During the first adrenaline driven weeks of lockdown (remember them?) I sought out podcasts as a distraction from the news cycle and the immediate pressures of re-organising the way we worked and lived.
I was only a year late but I was utterly gripped by ‘13 Minutes to the Moon’ about the Apollo 11 mission, but the second series on the 50th anniversary of the stricken Apollo 13 was as riveting as a tale of collective human ingenuity. It was made more poignant as the series is unfinished because the writer and presenter, Dr Kevin Fong, is still deployed on the front line treating patients. I am excited to hear the final episode, as it will be a sign the health crisis is passing, of course I know it works out for James Lovell, his crew and for NASA. Maybe this is part of the attraction and comfort of the story but it wasn’t predetermined and involved constant decision making in the most extreme of circumstances.
Their problem was complicated but the goal was clear, get three astronauts home alive the drama energised a nation for whom moon missions were commonplace, and in which they had lost interest to more pressing domestic and social issues.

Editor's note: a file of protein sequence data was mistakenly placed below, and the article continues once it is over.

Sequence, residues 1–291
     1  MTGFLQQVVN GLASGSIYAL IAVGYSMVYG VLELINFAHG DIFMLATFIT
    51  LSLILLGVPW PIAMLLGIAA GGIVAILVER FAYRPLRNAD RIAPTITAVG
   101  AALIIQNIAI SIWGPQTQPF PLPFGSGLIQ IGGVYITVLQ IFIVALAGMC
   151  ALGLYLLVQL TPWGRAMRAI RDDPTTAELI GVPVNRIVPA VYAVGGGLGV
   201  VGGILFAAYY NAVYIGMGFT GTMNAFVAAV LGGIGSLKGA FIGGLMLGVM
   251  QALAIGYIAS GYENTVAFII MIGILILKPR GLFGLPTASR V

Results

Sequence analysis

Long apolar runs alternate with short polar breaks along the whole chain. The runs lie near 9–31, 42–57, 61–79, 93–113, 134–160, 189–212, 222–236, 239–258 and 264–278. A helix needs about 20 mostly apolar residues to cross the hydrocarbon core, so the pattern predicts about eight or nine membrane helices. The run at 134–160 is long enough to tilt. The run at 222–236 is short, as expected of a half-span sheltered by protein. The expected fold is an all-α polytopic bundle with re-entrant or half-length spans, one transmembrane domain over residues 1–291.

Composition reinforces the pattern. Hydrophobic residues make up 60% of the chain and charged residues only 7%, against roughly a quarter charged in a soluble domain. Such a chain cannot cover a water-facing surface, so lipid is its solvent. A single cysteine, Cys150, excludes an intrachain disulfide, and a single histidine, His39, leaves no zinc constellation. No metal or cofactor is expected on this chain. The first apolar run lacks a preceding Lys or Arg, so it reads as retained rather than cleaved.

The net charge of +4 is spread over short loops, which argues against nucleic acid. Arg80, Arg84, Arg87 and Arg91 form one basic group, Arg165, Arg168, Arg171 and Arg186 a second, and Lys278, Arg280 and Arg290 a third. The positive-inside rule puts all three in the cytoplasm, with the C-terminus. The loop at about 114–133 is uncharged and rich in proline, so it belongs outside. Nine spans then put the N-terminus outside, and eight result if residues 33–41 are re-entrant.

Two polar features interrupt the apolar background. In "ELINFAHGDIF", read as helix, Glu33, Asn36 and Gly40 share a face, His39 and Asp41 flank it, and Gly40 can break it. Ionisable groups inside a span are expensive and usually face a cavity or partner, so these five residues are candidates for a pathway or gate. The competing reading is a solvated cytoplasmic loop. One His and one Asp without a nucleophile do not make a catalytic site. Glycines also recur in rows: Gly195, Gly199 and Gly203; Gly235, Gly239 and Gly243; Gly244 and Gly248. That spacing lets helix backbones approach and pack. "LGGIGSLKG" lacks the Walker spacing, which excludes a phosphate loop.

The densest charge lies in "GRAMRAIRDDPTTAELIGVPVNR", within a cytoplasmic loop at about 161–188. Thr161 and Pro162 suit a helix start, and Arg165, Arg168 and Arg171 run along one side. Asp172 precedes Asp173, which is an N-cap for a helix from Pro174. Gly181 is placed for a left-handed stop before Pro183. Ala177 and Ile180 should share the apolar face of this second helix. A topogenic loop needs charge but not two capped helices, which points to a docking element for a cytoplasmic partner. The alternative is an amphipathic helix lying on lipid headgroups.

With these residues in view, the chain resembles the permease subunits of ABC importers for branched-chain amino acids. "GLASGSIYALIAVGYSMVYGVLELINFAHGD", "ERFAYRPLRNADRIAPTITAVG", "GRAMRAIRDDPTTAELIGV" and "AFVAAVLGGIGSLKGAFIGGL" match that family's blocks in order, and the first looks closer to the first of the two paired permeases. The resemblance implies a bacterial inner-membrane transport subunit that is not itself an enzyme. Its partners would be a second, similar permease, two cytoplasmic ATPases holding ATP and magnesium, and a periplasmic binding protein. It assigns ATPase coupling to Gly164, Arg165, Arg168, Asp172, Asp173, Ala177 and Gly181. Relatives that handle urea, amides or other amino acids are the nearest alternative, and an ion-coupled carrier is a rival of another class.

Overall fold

During the last few months we have all been faced with an unprecedented convergence of problems to manage personal, family, social, behavioural, economic and health. It is difficult to describe the end goal – is it ‘back to normal’ or ‘new normal’? And there is no clarity on the right decisions and there is no precedent.
We are seeing young people at the sharp end of the impact of the crisis ( Education Policy Institute; Education Endowment Foundation, Beatfreeks) and it is magnifying and revealing underlying inequalities. We’ve seen key anchors for children and young people disappear (such as going to school), the cancellation of rites of passage, learning loss, the loss of jobs and uncertain futures. When these issues seem beyond our means to influence where do we start? Maybe like the Apollo 13 team it is with problems that are urgent but also specific and worth doing – what can make a difference to the things we care about? I am inspired by everyday practical acts of kindness and altruism I see from our community and our partners – see Let’s Create packs, MAIA Creatives fundraiser for artists for instance and the emergence of working as a collective force to find a way through this crisis, such as the West Midlands Culture Response Unit.
We cannot leave the voices and the needs of young people out of the narrative of what a COVID world should look like and how creativity and the arts can make its contribution to community recovery. It’s a very noisy lobbying environment at the moment, so it’s good to see leaders in cultural education are organising – such as in the Local Cultural Education Partnerships, our teacher networks and nationally through the Cultural Learning Alliance.
So it is time to make your voice heard, on behalf of those who are not listened to, and do let us know how we can amplify it and support you.
Rob Elkington – Director Arts Connect